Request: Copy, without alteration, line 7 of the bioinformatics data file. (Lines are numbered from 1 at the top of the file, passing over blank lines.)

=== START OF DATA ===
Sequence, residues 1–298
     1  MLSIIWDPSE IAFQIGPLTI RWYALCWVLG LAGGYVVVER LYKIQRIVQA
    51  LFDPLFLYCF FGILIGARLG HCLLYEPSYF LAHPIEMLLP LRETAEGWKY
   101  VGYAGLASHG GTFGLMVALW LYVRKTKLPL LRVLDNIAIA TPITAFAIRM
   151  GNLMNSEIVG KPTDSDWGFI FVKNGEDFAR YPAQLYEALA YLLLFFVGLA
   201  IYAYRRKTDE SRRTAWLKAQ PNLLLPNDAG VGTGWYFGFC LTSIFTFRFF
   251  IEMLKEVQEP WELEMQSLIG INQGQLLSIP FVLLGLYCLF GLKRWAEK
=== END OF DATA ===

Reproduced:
   251  IEMLKEVQEP WELEMQSLIG INQGQLLSIP FVLLGLYCLF GLKRWAEK